The author’s main suggestions are in regards to self-recognition and knowing when your depression is taking hold and when your thoughts and behaviors can’t be trusted,  along with suggestions to stay focused and organized. The author also provides plenty of exercises to help the reader along. Additionally, she lays down the science behind getting enough sleep, the importance of exercise and the effects that alcohol and caffeine can have on a depressed brain. What was also very interesting was that at the end of each chapters she poses a question or scenario that relates to the content that was just discussed so that you can get the scientific explanation to that question.

Many people have complained that this book is too straight forward or that if they had tried the author’s suggestions it would have made their depression worse for them but I disagree to an extent. I believe that this book is directed to people with mild to moderate depression, so those of us who are held together enough to not be hospitalized and are of no harm to ourselves or others. While depression sucks all around, no matter how bad you have it, the less severe it is the more we are able to deal with it and I feel that this book is a great aid for the milder situations. The information may be straight forward in some areas but how many of those complaining have willingly tried and put forth positive energy into applying the authors methods? Everything is harder when you’re depressed so it takes more effort to try the exercises and recommendations but, like anything in life, the hard stuff is often worth it.

I think that there are a few stages that a sufferer goes through with depression. The beginning starts with the unawareness which is the pre-diagnosis, the second stage is that recognition and the diagnosis, and the third is how the person chooses to deal with the situation. Depression has a horrible way of making the sufferer very negative and more often than not during the third stage, the sufferer victimizes and feel sorry for themselves at some point. I think many people sadly, are not able to move past this victimization. With this victimization the sufferer believes that they are their condition and that nothing will ever change, therefore handing over all of their power, control, and ultimately their life over to the condition. This is why, I think some people scoff at the exercises and suggestions that the authors makes.

The suggestions, I think to a person in this position, seem to mock their suffering in that they didn’t ask for depression so they don’t need to be accountable for it. However, nobody asks for depression and just like a lot of things in life you have to learn to adapt and to deal. One of the most difficult things I’ve done has been recognizing my own depression for what it is, stop being angry that it’s there, and learn to manage my life with it. Nothing happens over night, so repetition and practice are key to leading a life with depression which, is where this book comes in handy. Everyone is different to so not everyone’s coping methods will be the same. Some people require more compassion while others need a tough love approach.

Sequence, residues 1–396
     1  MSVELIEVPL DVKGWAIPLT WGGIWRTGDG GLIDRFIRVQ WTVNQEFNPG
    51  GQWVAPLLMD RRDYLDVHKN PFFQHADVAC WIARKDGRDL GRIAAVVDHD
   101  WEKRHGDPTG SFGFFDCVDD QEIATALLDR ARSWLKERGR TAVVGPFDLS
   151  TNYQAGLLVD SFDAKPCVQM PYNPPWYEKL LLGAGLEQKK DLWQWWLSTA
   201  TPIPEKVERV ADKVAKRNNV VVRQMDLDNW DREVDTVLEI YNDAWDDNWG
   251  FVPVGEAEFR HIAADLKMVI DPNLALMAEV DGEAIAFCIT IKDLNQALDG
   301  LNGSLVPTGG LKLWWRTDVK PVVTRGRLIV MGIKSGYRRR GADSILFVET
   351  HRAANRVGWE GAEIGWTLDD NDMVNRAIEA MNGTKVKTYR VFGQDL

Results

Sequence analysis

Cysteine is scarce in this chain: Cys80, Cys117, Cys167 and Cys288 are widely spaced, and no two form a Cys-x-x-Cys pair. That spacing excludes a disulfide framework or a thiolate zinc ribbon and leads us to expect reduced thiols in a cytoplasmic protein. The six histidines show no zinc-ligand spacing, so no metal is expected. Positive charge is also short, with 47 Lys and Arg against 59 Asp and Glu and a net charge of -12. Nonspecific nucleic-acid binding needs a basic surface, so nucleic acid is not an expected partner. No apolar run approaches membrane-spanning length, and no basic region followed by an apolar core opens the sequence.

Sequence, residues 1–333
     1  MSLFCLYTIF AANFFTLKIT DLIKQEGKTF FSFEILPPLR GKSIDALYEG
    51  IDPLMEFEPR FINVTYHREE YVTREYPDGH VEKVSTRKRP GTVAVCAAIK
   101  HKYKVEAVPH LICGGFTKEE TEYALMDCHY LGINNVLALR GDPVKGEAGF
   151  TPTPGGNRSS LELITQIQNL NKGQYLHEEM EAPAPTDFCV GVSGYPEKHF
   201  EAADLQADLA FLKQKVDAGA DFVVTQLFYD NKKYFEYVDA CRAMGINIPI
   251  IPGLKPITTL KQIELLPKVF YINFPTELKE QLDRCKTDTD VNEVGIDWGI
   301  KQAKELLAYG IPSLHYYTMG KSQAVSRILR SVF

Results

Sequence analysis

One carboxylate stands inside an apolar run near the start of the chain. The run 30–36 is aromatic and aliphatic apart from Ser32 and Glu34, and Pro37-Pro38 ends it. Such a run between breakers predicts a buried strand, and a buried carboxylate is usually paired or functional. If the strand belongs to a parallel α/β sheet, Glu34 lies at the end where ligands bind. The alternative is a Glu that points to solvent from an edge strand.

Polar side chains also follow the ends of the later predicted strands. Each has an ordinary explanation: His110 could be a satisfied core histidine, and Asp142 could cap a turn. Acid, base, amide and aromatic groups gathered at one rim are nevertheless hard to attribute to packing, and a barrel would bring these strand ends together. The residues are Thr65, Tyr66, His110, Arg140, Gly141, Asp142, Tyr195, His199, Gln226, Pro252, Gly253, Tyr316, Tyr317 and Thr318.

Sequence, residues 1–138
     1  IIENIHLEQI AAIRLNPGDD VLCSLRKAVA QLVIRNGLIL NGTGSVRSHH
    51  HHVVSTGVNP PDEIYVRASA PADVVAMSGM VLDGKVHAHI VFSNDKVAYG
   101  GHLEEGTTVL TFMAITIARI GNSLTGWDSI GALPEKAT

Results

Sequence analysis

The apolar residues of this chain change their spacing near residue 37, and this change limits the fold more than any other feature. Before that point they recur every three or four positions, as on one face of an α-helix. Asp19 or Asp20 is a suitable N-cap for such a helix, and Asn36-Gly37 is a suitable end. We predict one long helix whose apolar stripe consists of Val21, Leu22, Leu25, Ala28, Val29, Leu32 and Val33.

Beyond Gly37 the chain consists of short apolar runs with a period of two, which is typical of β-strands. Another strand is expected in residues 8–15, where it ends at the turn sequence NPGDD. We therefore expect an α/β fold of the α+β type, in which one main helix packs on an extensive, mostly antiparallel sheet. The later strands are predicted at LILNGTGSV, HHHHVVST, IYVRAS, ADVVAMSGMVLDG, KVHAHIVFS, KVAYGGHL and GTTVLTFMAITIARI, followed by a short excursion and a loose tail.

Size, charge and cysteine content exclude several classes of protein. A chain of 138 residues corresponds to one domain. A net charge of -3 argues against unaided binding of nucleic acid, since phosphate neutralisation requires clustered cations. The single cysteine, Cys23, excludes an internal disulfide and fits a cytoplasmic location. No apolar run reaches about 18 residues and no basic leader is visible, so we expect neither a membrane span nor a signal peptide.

I believe that people who are dealing with mild to moderate depression don’t have to let it consume their lives. Depression really blows and the effects from it can be overwhelming but the best plan of action is recognizing its presence and not giving up your control to it. It’s a matter of trying to alter our focus and knowing that we have choices and we have options.

My one complaint with the book is that the chapters seemed a bit repetitive after a while in that the relayed very similar information. I mean, if practice and repetition are key I suppose this isn’t a terrible thing, it just made for some tedious reading.

Overall I really enjoyed the books message and I have noticed a difference in my own work flow since reading this book. I highly recommend this book to anyone dealing with depression.

Project Dermatillomania by Laura Barton

20959902
5/5 stars.
Paperback, Colour Edition, 100 pages.
Read on March 14, 2014 .

I won’t toot my own horn too much here (as I am a contributor to this awesome novel) but for people who suffer or who have suffered from Dermatillomania this book is one of the first of its kind. Project Dermatillomania is written by people who know this disorder and deal with it everyday. They know what it feels like to be alone with the condition and through their own bravery and dedication all came together to share their stories to help others know that there is hope. These stories are personal, they’re artistic, beautiful and raw; ranging from pieces of art, graphic design, pictures and poetry from people from all over the world. They give an insight to the turmoils of Dermatillomania which is meant to be standing point of hope for sufferers and a basis of understanding and a resource for those that love them.

Having worked with all the people who helped bring this book together has been a blessing and I have made some great friends. I’m very proud of myself and of each of the individuals who have made this book possible. I highly recommend this book for anyone with Dermatillomania or for anyone who loves someone with Dermatillomania. Here is the purchase information:

All proceeds to be donated to the Canadian BFRB Support Network and the Trichotillomania Learning Center.
B&W Edition – Purchase – S13.99
Colour Edition – Purchase – $20.19
***An ebook edition is currently in the works***

If you have any questions or comments about the book please feel free to ask me. You can also reach out to: projectdermatillomania@gmail.com.